Last night, The New York Public Library for the Performing Arts at Lincoln Center hosted a special 30th Anniversary screening of the immortal hip-hop documentary Style Wars as part of the Rhapsodic City: Music of New York series. Presented in partnership with the Tribeca Film Institute and the Schomburg Center for Research in Black Culture, the screening was followed by a panel discussion with filmmaker Henry Chalfant, editor Victor Kanefsky, sculptor/painter and active graffiti writer at the time of the film Carlos “Mare139” Rodriguez and moderated by painter/DJ iona rozeal brown.
Considered by many to be the first hip-hop documentary, Style Wars catapulted the graffiti conflict of 1982’s New York into homes worldwide when it aired on PBS affiliates and went on to with the Grand Prize for Documentaries at the 1983 Sundance Film Festival. While the film holds up as an invaluable time capsule of both hip-hop’s infancy and the art scene of early ’80s New York City, Wednesday’s screening resurrected the energy of the time with some revelations and surprise guests that placed the film in an entirely new context.
As the screen lit up with the faces Style Wars made iconic (artists Seen, Skeme, Cap as well as graffiti’s most outspoken opponent Mayor Ed Koch), the very front row began a series of sporadic loud outbursts, prompting some irritated audience members to yell “Shut the fuck up!” much louder than one would expect to overhear in a New York library. Once the lights came up, the boisterous voices heard during the screening were revealed to be some of the iconic painters seen in the film, as well as artists of the unsung, “most brilliant” generation before them.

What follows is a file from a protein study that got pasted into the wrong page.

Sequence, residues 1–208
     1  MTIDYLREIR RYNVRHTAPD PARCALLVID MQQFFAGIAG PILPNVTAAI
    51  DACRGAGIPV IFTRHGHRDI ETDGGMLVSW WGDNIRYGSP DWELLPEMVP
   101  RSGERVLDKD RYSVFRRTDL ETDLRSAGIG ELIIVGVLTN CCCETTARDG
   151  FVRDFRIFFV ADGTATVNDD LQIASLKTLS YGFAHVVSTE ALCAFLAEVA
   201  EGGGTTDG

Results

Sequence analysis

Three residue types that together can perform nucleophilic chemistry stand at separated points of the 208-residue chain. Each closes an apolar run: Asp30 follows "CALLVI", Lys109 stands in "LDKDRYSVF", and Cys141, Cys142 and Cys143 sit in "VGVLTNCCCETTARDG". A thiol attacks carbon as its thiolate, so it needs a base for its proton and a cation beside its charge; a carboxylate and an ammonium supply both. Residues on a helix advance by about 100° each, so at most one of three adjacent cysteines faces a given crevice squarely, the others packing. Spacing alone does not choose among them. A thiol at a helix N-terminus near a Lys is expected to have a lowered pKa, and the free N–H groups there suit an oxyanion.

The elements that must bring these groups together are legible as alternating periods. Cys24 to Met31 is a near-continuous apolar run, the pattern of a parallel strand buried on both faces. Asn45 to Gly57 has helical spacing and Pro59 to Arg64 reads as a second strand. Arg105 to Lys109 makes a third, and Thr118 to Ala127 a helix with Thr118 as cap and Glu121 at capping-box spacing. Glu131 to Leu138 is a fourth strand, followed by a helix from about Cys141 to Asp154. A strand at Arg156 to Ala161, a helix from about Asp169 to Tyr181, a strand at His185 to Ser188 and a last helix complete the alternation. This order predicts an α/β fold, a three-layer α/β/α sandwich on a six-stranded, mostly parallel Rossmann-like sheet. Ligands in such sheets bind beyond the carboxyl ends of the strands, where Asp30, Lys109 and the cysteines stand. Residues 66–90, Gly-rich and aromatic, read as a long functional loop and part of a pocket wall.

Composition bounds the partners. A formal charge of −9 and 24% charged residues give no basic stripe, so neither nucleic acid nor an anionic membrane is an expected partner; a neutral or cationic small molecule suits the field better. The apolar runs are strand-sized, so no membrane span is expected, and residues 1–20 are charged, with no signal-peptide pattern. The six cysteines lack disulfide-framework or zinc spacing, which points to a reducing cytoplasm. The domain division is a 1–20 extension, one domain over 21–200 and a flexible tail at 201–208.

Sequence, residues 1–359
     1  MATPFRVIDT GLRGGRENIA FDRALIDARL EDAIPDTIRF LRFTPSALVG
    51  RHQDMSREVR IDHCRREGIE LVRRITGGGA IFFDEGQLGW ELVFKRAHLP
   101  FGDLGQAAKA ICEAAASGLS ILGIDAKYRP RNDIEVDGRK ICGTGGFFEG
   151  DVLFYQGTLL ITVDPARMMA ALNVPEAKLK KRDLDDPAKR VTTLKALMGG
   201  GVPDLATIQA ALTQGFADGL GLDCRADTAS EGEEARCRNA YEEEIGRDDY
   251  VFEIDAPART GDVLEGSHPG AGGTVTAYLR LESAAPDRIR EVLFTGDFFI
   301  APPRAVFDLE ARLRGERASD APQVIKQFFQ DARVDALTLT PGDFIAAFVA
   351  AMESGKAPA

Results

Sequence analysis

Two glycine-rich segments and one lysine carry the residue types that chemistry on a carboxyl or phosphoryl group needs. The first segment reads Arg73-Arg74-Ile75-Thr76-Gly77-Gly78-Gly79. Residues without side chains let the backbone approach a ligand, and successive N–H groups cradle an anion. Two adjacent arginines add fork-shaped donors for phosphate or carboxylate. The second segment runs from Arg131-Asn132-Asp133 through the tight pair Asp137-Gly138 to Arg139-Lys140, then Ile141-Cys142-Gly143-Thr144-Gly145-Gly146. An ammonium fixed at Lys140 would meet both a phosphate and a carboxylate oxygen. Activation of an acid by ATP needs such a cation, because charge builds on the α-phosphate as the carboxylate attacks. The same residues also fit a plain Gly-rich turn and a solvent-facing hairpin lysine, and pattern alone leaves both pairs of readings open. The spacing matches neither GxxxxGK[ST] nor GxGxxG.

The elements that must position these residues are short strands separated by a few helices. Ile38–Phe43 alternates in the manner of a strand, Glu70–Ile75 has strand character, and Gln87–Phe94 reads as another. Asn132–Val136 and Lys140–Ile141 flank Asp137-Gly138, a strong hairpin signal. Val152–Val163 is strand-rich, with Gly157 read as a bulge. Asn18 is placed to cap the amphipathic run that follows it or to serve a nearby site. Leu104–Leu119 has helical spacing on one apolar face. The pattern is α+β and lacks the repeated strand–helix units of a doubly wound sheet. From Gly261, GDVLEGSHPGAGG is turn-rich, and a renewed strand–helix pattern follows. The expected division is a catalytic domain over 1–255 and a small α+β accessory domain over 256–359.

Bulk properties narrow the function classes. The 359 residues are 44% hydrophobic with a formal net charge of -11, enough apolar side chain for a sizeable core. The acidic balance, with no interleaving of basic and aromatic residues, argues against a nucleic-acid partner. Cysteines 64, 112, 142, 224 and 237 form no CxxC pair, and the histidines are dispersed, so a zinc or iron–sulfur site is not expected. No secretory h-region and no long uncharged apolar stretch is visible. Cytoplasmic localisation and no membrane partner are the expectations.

Discussion of this lost generation lead to one of the most interesting revelations of the panel. While Style Wars has, for years, been hailed as the definitive testament of the graffiti/hip-hop explosion, it really only captures the second wave of painters who were active at the time. As Rodriguez pointed out, while prior to the film “the majority of the culture had no interest in media,” there was an important period of NYC Graffiti before Style Wars. “[in the film] It may look kind of harsh with the city going out of control with graffiti, it was actually a lot worse in the post-Vietnam era when you had all this gang violence, criminality and social upheaval while the city was bankrupt. This was a symptom of that, but before we came on the scene, there were writers who laid down this foundation for us.” Chalfant went on to point out that while Mayor Koch wondered aloud in the film why the parents didn’t put their children in school specializing in art, most of the schools accessible to the artists seen in the film had their art programs cut at the time, leaving graffiti as their most available artistic outlet.
Chalfant went on give credit to Koch for being so accessible at that time to appear in his documentary. Chalking his interactions with him, as well as the graffiti artists and city officials, up to just how New York was in those days, he went on to point out how Koch, despite his “narrow-mindedness” about graffiti, was still open enough and curious enough to want to appear in the film. The panel concluded with a discussion on a possible HD edition of Style Wars that the film-makers successfully launched a Kickstarter for, namely resurrecting never-before-seen outtakes from the unused additional 28 hours of film. The screening and discussion once again affirmed the importance of Style Wars as a cultural document, as well as, judging by the wide range of ages attending the screening, a rite of passage for anyone with even a passing interest in hip-hop.